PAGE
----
The Monkey Of Stubbornness

Stubbornness is a virtue, insists a friend. I disagree- especially when faced with a toddler who insists on putting on his too-small blue shoes by himself (as I grow increasingly late for work) or when my husband insists that he ‘knows’ his way down the mountain rather than asking for directions. A strong streak of the stubborn stuff runs through the family, despite most of us being, on the whole, quite rational people. Bapuji, for example, does not appear to have the angel and the devil sitting on his shoulders, advising his actions. Instead, he has the monkey of stubbornness.


Once Bapuji has made up his mind, egged on, no doubt, by said monkey, it is very difficult to unmake it. Take the example of his daughters’ education: he had decided that they should all continue higher education, in opposition to the then widely-held belief that women should learn little more after completing school than to cook and keep home. Apparently, he had several conversations  with men in the local community regarding his decision. I imagine they went something like this:

Local man: ‘So, I hear that you are sending Indira to India, for study. Why do you do this? First Usha, now Indira.’
Monkey of stubbornness whispers in Bapuji’s ear.
Bapuji: ‘I think it’s a good idea.’
Local chappie: ‘But what use will it be? Once she gets married all of that knowledge will be wasted, just like your money.’
Bapuji and the MOS: ‘We shall see.’
Local bloke: ‘Talking of marriage, I know a boy. Comes from a good family.’
Bapuji: ‘Which boy? What does he do? Is he educated?’
Local geezer: ‘His father has a small factory, so he will start there soon.’
Bapuji and the MOS: ‘Still, she wants to go. I will keep him in mind.’
Local guy: ‘It is so expensive, to educate them, and you have two more after this.’
Bapuji and the MOS: ‘Yes, it certainly is.’ Polite smile.
Local man changes the subject.

Bapuji did educate all of his girls. Usha attended the High Reach Teacher Training College, Indira completed a degree in Home Economics and became headmistress of a college, Ila did a BSc in Microbiology and Kailash started an accounting course. Not all used their additional qualifications but all undoubtably gained from the experience. They remain strong, independent, capable women.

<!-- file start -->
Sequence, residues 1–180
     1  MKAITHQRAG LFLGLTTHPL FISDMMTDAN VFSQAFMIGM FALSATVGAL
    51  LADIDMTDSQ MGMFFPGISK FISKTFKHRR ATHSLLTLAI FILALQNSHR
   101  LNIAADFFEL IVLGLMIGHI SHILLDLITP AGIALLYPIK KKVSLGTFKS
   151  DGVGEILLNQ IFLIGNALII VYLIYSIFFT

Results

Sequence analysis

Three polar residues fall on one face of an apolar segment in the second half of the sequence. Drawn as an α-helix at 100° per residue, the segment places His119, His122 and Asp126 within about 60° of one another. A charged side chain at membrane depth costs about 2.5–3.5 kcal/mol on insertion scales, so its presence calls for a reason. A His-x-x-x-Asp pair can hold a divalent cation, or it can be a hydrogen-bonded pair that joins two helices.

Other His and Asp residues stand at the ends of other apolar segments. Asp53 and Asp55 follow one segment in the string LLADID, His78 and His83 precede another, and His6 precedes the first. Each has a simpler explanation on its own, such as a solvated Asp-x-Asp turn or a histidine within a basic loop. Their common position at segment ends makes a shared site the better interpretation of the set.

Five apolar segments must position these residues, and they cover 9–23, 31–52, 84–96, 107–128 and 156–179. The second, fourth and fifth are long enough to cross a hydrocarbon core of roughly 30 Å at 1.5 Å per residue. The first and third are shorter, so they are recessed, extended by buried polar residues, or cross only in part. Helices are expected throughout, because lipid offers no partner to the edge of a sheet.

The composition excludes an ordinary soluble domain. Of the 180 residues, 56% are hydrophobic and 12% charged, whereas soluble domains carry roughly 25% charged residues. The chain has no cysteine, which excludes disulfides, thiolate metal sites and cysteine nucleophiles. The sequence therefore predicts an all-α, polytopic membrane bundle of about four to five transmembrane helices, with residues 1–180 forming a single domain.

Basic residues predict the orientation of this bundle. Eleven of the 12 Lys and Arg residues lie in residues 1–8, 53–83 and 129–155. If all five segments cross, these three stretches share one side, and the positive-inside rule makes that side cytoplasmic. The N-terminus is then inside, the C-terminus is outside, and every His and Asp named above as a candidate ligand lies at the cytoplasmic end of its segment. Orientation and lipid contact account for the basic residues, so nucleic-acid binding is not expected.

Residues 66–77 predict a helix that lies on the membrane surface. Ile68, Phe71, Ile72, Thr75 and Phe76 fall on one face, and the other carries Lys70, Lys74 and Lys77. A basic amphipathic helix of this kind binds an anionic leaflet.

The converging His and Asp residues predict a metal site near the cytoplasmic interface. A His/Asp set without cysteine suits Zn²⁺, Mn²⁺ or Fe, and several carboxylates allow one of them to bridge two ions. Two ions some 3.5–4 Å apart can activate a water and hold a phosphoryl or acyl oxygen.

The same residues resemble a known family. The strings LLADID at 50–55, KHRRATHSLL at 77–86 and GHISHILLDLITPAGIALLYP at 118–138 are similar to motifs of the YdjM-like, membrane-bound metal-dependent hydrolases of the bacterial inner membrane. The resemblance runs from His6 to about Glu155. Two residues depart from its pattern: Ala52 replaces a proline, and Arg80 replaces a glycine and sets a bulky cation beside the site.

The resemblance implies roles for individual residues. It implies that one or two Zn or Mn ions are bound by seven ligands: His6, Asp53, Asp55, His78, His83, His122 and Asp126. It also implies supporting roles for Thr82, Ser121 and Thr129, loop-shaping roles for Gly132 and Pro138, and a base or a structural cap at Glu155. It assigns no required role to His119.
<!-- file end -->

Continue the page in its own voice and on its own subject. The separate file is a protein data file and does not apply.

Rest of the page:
So, are there benefits to sticking to your guns, to digging in your heels? Stubbornness can indicate self-belief. Bapuji knows his small-business onions, so when he decided to use up much-needed space in his tiny shop for bicycles instead of toys he was eventually proved right. It can signal determination and motivation, both necessary for success. Sometimes it is generosity or kindness masquerading as stubbornness: for example the insistence on paying for everyone’s meals or drinks when out, despite protests.

In my experience, it is when the advice of the MOS is taken despite knowledge of limitations that things start to go wrong. Clearly, when lost and evening is approaching, asking a local for directions is preferable to stumbling on regardless. Stubbornness can leave you stuck following a single, well-worn track while others race past you. Sometimes stubbornness and a staunch inability to give room to other ideas results in failure- both of relationships and of the task in hand. It is then necessary to accept the consequences of your decisions- worse, still, if those decisions have affected the lives of others. All of us who carry the obstinate primate have felt the bitterness of regret occasionally. I have come to the conclusion that, should you find a monkey of stubbornness perching on your left shoulder, it would be advisable to balance him with the stoat of reason on the right.